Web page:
[CentralOH] Most important Python techniques?
eric at intellovations.com
Tue May 15 20:29:20 CEST 2012
> We're experimenting with offering our Computer Science I class in
> Python rather than Java next year at Muskingum University.
> I'd like to get suggestions from people who know Python better than I
> do about the most important Pythonic techniques to learn.
> But if you were teaching someone new to Python, what would you
> make sure you taught them above all else?
This is an intro to computer science class, so I assume these are
people fairly new to computer science. List comprehensions and
extended slicing have to be my favorite Pythonic techniques (others
may say generators or metaclasses), but I don't think that's
important, and you can be a successful Python programmer without
knowing anything about that.
The key to what makes Python a *great* language is you can get stuff
done quickly, with little boilerplate, and the constructs are readable
and make sense compared to many languages. You can read and
understand the code you wrote six months ago.
With that said, you've had a successful CS 101 class if students can
get stuff done that they need to do quickly and easily. Python
enables that, but how? Here are what I think are the top two things
to teach above all else:
1. Interactivity. Not a day goes by that I don't fire up the Python
interactive shell to do a quick calculation, parse, or some other
thing. Interactivity allows you to "play around" with code and data.
When I'm writing a new web scraper, I'll load up the html page via
lxml in the shell (python is built in obviously, but ipython has some
nice features like tab-completion, easy help, etc.), and play around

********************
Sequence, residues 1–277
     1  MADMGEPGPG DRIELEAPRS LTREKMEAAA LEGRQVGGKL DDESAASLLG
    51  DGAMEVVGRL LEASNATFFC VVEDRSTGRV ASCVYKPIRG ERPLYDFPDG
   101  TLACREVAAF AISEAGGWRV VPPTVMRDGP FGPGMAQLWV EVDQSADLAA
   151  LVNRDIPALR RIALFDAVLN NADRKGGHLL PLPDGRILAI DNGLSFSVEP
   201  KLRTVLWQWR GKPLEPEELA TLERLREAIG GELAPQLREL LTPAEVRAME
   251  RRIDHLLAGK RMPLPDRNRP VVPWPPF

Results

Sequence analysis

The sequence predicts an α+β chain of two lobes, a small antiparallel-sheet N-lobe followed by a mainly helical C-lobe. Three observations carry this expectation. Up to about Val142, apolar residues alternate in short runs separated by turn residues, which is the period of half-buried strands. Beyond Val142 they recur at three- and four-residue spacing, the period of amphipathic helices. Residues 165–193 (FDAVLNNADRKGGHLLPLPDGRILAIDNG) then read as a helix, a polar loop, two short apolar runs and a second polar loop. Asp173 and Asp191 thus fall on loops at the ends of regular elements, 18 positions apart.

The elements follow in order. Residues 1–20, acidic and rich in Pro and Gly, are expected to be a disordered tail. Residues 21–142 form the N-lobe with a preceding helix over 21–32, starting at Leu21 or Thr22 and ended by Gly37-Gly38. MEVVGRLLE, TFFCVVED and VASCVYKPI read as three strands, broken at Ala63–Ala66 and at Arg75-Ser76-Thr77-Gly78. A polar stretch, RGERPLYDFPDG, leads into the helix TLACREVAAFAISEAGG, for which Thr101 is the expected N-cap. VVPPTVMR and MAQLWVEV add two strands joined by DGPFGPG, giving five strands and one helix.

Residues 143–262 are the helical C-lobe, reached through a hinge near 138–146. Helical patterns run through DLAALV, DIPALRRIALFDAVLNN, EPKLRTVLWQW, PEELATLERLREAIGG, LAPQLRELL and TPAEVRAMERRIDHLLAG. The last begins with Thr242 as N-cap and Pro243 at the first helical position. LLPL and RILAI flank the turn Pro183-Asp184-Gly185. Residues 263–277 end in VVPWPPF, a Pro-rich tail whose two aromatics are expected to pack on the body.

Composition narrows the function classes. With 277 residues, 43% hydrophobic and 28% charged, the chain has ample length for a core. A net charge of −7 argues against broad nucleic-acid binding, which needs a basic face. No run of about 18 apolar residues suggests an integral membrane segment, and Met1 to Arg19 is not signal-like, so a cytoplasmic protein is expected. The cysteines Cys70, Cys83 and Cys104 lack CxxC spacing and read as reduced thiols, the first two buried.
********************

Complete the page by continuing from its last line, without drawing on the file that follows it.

with different searches, xpaths, etc. to find out how best to pull out
what I need.
2. Libraries. Sure, at some point you want to teach the fundamentals
(i.e. sorting algorithms and such) but that can wait along with
machine language, Von Neumann architectures, turing completeness, big
O, etc. What should really be taught in CS 101 is how to translate
from what you need done into working code. For most things, there is
already going to be a library out there does most or all of what they
need. Teach them how to find those libraries (google searching,
examples, etc.) and how to install them (pip, etc.). Learning how to
navigate through libraries to find what you need rather than building
it yourself is more fundamental than knowing what big O means. Give
them a taste for the amazing amount of stuff that's out there, like
PIL, or pygame, or lxml, or requests, that will show them that
whatever cool, fun, interesting, helpful idea they have, they'll be
able to see it through.
In the end it isn't so much about the language, as it is about getting
things done. I grew up on the VIC-20 and C64 BASIC, which is
interactive, and while it didn't have much in the way of libraries, it
was accessible the way libraries make things today. I couldn't parse
xml on my VIC-20, but I could change the color of a pixel on the
screen very easily. That's what is missing today with computers: they
are powerful beasts that will bend to your bidding, but they aren't
interactive or accessible. Instead, they are just Facebook terminals.
That's what Python brings to the table. It helps you solve problems.
And that's really, fundamentally, what CS is all about.
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